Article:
GROSSE POINTE SHORES, Mich. (FOX 2) - Michigan Humane President and CEO Matt Pepper reacted to the decision to ban pit bulls in Grosse Pointe Shores, saying the decision "is the wrong message and the wrong issue."
The city council narrowly approved the ban during its meeting Tuesday night.
This comes after a small dog was attacked by a pit bull in June and had to have its leg amputated.
"In the heat of the moment, it is easy to put simple answers, like a breed ban, to more complex issues. In reality, every action reported can be addressed with existing laws. They simply need to be enforced – fairly and uniformly," Pepper wrote.
Once the ban was proposed, more than 300 people signed a petition against it, calling the ban discrimination. However, others who support the ban say it's about keeping the community safe.
This ban will not apply to people who already have pit bulls that are registered in the city but will impact more from being brought into Grosse Pointe Shores. The ban is expected to take effect in about a month.
As a result of this ban, Pepper said Michigan Humane will be moving its annual Mutt March out of the city. It has been held at the Edsel and Eleanor Ford House in Grosse Pointe Shores since 1989.
Pepper said he sent a letter to the mayor and city council of Grosse Pointe Shores telling them that Michigan Humane does not support breed-specific bans.
"The immediate impact of the decision to ban pit bulls is that this celebration in Grosse Pointe Shores is no longer on the table. We will be immediately forced to identify a more inclusive community to host our event," Pepper wrote.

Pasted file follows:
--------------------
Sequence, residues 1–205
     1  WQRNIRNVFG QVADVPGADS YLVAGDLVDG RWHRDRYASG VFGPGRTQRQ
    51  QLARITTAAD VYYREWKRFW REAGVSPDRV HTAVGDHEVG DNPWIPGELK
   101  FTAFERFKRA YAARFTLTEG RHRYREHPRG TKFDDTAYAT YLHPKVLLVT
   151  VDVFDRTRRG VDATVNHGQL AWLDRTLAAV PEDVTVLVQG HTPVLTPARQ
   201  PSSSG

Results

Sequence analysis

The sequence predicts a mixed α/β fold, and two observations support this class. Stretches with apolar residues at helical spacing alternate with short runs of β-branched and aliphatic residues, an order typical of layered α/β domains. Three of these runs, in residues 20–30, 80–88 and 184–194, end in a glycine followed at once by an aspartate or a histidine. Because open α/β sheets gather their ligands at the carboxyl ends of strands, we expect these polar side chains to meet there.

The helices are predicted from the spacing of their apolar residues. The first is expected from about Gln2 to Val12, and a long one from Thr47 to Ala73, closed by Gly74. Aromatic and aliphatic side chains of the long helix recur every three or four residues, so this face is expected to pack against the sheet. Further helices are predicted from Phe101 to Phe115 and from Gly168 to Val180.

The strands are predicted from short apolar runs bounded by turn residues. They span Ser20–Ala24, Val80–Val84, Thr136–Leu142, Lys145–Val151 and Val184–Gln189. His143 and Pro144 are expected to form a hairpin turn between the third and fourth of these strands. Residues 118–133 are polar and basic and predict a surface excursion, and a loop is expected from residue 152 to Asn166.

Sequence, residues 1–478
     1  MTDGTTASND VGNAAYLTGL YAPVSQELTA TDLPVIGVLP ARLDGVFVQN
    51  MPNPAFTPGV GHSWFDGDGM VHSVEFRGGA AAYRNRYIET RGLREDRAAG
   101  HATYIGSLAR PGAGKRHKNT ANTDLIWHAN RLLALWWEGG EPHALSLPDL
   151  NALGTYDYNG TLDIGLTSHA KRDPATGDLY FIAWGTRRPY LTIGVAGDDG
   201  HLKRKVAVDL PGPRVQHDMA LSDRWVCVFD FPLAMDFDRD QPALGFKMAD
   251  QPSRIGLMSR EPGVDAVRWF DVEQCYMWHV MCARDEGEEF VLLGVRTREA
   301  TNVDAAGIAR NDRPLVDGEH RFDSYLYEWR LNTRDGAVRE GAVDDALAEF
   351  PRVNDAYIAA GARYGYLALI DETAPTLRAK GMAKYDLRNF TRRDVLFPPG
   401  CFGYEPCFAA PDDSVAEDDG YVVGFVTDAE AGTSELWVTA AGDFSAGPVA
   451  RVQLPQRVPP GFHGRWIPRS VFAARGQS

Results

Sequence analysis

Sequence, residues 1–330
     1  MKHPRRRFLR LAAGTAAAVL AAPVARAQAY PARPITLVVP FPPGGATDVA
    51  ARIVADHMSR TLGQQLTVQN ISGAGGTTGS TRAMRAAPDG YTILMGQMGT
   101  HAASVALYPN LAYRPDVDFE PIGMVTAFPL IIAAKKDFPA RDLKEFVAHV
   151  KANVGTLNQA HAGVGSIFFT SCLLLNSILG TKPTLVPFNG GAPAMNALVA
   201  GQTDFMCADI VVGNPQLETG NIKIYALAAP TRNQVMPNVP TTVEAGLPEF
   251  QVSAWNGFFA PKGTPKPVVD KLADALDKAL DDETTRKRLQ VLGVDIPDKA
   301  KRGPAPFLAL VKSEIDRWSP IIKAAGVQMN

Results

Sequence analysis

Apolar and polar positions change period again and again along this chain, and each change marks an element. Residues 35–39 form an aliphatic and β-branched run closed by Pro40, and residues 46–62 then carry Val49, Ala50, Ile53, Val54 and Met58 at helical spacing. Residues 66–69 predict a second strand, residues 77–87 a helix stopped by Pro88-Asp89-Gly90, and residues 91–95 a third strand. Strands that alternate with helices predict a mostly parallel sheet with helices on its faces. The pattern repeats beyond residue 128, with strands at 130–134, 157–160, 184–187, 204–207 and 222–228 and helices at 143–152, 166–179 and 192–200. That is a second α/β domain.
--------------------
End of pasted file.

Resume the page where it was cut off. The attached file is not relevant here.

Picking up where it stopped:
He noted that a pit bull ban could lead to even more issues.
"They are attempting to address a hypothetical future incident as opposed to anything that has actually happened. Most people would prefer the law enforcement in their community to respond to more pressing items than what a dog looks like – something they are not trained to do," Pepper wrote. "There is the issue of what defines a pit bull and identifying them – 'pit bull' is a term for a collective of breeds pulled together in a catch-all name. Breed-specific bans do not address the right issues."
Read Pepper's full statement:
"Earlier this summer, I wrote about Grosse Pointe Shores’ proposed ban on pit bulls. Last night, I was disappointed to hear that the ban was passed by the city council.
"I want to start by laying out my background because I think it is relevant to this issue. For the past nine years, I have served as the President & CEO for Michigan Humane. We consider ourselves a human-centered animal welfare organization, and our mission is directly linked to the health and safety of everyone, both people and pets, in our community. Prior to my time here, my career was spent in municipal animal control in New Mexico, Tennessee, Louisiana, and Michigan. In that role, while animals played a critical role, public safety was my priority.